Views: 77 Author: Site Editor Publish Time: 2020-03-27 Origin: Site
Selecting the ideal metal cutting blade material for your application ensures that you achieve the maximum blade life, minimize maintenance-induced downtime, and achieve your ideal cuts. Therefore, this article aims to let you know more about metal cutting blade materials.
D2 steel is the most commonly used material for both top and bottom blades. It has a good combination of both cost and associated wear life and is easy to sharpen. It is also a versatile material and can be used in shear slitting applications involving both plastics and paper. It is typically the most cost-effective option for both wear and low budget applications.
This steel is also used for both top and bottom blades and provides increased wear life since it is harder and tougher than D2 steel. M2 is often recommended in shear slitting applications involving nonwoven materials and paper since each is very abrasive and cause Shear slitting machines that employ 52100 steel blades must undergo frequent maintenance to replace dull blades. Switching from D2 to M2 allows operators to increase runtimes between blade changes resulting in less maintenance-induced downtime.
Carbon steel is steel in which the main interstitial alloying constituent is carbon in the range of 0.12–2.0%. The American Iron and Steel Institute (AISI) defines carbon steel as the following: "Steel is considered to be carbon steel when no minimum content is specified or required for chromium, cobalt, molybdenum, nickel, niobium, titanium, tungsten, vanadium or zirconium, or any other element to be added to obtain a desired alloying effect; when the specified minimum for copper does not exceed 0.40 percent; or when the maximum content specified for any of the following elements does not exceed the percentages noted: manganese 1.65, silicon 0.60, copper 0.60."
As the carbon percentage content rises, steel has the ability to become harder and stronger through heat treatment. however, it becomes less ductile. Regardless of the heat treatment, higher carbon content reduces weldability. In carbon steels, the higher carbon content lowers the melting point.
Alloy steel is steel that is alloyed with a variety of elements in total amounts between 1.0% and 50% by weight to improve its mechanical properties. Alloy steels are broken down into two groups: low-alloy steels and high-alloy steels. The difference between the two is somewhat arbitrary: Smith and Hashemi define the difference at 4.0%, while Degarmo, et al., define it at 8.0%. Most commonly, the phrase "alloy steel" refers to low-alloy steels.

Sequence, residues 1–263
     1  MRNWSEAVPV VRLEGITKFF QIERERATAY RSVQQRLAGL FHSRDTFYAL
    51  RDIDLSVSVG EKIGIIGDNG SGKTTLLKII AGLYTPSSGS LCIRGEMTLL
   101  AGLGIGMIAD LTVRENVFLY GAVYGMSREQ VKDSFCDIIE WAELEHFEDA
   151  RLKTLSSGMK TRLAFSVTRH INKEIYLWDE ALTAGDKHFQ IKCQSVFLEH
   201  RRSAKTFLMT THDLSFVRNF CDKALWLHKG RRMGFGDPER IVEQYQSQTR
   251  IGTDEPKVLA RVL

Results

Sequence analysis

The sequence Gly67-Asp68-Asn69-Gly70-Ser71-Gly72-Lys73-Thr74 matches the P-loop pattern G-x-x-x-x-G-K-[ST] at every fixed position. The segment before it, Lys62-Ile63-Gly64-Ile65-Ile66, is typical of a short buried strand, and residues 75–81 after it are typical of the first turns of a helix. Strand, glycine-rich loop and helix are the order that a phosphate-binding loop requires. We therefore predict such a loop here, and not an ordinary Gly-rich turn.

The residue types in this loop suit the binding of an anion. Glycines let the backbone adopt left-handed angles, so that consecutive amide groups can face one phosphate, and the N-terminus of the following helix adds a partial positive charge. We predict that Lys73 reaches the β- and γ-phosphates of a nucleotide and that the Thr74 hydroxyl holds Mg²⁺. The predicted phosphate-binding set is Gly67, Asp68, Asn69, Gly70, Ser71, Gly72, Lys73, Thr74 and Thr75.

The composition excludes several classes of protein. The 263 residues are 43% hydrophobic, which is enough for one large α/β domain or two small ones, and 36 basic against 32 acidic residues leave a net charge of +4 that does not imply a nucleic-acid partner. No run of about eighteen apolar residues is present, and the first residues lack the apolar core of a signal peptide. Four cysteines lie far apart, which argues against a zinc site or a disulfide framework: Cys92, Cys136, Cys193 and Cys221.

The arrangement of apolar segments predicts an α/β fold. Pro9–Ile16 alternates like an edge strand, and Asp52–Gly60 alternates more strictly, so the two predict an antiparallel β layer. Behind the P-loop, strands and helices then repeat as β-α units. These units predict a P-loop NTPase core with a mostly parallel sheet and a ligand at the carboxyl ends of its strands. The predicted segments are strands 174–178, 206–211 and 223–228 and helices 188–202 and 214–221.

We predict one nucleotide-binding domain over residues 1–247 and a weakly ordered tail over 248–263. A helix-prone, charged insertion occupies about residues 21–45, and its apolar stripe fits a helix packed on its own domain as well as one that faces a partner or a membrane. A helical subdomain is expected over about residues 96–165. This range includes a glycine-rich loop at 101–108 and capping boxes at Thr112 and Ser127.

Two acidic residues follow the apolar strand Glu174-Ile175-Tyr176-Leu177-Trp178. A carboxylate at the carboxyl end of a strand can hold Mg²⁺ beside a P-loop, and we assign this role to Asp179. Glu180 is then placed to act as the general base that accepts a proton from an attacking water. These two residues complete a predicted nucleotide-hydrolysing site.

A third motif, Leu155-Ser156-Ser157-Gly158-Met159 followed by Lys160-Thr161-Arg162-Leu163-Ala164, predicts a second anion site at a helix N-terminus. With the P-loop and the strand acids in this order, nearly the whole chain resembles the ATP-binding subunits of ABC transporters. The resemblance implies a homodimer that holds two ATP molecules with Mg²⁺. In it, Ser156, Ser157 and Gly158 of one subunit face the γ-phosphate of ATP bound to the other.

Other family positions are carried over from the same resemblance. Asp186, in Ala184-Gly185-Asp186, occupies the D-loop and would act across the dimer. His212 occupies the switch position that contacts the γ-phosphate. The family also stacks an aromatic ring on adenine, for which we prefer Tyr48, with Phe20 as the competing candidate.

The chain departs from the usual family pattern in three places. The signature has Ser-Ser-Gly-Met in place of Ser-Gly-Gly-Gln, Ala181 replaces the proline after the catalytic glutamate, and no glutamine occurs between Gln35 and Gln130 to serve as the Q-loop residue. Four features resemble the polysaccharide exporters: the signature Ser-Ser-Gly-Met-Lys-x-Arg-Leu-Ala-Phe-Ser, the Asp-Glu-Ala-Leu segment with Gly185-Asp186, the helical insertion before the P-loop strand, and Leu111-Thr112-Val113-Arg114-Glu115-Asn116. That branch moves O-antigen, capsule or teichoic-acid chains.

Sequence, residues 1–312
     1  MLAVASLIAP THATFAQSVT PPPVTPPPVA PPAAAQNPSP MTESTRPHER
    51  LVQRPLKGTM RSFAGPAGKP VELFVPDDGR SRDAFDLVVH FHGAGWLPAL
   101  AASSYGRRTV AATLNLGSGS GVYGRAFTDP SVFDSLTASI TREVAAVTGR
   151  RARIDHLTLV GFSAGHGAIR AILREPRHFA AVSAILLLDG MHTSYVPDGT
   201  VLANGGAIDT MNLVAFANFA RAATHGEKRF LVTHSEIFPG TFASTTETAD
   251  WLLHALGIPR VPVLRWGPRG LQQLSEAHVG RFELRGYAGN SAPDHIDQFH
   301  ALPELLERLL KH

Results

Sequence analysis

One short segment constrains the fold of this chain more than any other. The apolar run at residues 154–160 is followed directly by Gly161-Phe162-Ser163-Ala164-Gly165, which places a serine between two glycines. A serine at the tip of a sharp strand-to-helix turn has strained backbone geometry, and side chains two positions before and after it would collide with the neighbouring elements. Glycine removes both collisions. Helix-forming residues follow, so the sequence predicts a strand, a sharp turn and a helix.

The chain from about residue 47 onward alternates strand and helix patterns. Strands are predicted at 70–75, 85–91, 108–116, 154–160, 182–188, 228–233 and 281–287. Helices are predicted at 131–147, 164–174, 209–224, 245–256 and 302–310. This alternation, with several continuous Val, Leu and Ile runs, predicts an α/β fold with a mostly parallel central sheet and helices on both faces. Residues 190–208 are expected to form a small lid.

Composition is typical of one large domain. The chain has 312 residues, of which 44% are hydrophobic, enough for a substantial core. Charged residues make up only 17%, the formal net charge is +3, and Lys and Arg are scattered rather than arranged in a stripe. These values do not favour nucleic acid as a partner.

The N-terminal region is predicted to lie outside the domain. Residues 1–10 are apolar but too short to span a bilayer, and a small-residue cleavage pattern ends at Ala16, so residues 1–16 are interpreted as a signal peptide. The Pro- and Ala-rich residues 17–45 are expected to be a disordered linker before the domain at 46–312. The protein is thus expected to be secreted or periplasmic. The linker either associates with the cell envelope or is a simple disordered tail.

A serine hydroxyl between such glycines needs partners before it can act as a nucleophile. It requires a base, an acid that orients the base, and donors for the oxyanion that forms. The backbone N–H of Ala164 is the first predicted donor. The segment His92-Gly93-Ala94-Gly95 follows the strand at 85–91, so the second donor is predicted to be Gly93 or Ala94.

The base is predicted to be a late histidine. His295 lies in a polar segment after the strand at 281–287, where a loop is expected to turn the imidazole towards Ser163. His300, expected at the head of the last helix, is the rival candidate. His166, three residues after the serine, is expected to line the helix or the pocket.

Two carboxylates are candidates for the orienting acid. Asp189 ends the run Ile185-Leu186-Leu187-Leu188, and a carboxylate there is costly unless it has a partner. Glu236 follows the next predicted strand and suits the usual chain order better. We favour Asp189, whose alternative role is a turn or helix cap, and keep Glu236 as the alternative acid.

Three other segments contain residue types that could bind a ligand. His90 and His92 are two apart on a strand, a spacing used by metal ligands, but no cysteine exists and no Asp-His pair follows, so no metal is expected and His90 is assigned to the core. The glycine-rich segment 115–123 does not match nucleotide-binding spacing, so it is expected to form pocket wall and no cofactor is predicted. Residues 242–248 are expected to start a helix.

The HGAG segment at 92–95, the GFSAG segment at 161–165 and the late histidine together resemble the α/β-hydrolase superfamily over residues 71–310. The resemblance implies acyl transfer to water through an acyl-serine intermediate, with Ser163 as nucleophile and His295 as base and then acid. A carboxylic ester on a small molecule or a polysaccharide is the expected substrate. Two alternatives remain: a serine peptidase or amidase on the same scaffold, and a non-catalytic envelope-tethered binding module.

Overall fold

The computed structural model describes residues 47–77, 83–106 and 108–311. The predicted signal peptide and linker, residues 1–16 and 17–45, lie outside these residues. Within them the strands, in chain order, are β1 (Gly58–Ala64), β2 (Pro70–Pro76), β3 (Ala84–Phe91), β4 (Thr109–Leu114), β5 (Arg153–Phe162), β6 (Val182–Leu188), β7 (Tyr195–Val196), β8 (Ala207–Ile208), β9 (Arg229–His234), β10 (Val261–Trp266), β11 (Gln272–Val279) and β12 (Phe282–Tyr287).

Every steel is truly an alloy, but not all steels are called "alloy steels". Even the simplest steels are iron (Fe) (about 99%) alloyed with carbon (C) (about 0.1% to 1%, depending on the type). However, the term "alloy steel" is the standard term referring to steels with other alloying elements in addition to the carbon. Common alloys include manganese (the most common one), nickel, chromium, molybdenum, vanadium, silicon, and boron. Less common alloys include aluminum, cobalt, copper, cerium, niobium, titanium, tungsten, tin, zinc, lead, and zirconium.
The following is a range of improved properties in alloy steels (as compared to carbon steels): strength, hardness, toughness, wear resistance, corrosion resistance, hardenability, and hot hardness. To achieve some of these improved properties the metal may require heat treating.
Some of these find use in exotic and highly-demanding applications, such as in the turbine blades of jet engines, in spacecraft, and in nuclear reactors. Because of the ferromagnetic properties of iron, some steel alloys find important applications where their responses to magnetism are very important, including in electric motors and in transformers.
Chromium-vanadium steel (symbol Cr-V or CrV; 6000-series SAE steel grades) is a group of steel alloys incorporating carbon (0.50%), manganese (0.70-0.90%), silicon (0.30%), chromium (0.80-1.10%), and vanadium (0.18%) as well as minuscule amounts of phosphorus and sulfur. Some forms can be used as high-speed steel. Chromium and vanadium both make the steel more hardenable. Chromium also helps resist abrasion, oxidation, and corrosion. Chromium and carbon can both improve elasticity.
Finding the best material of the coil slitting blades for your customers is a good way to show your professional experience. We are here, a knowledgeable, experienced blade supplier that can recommend you to meet your needs.
Nanjing Jingfeng Knife Manufacturing CO., Ltd. is a professional metal cutting blades manufacturer, providing high-quality and high accurate metal cutting blades which made of various metal cutting blade material. If you have any needs, please contact us.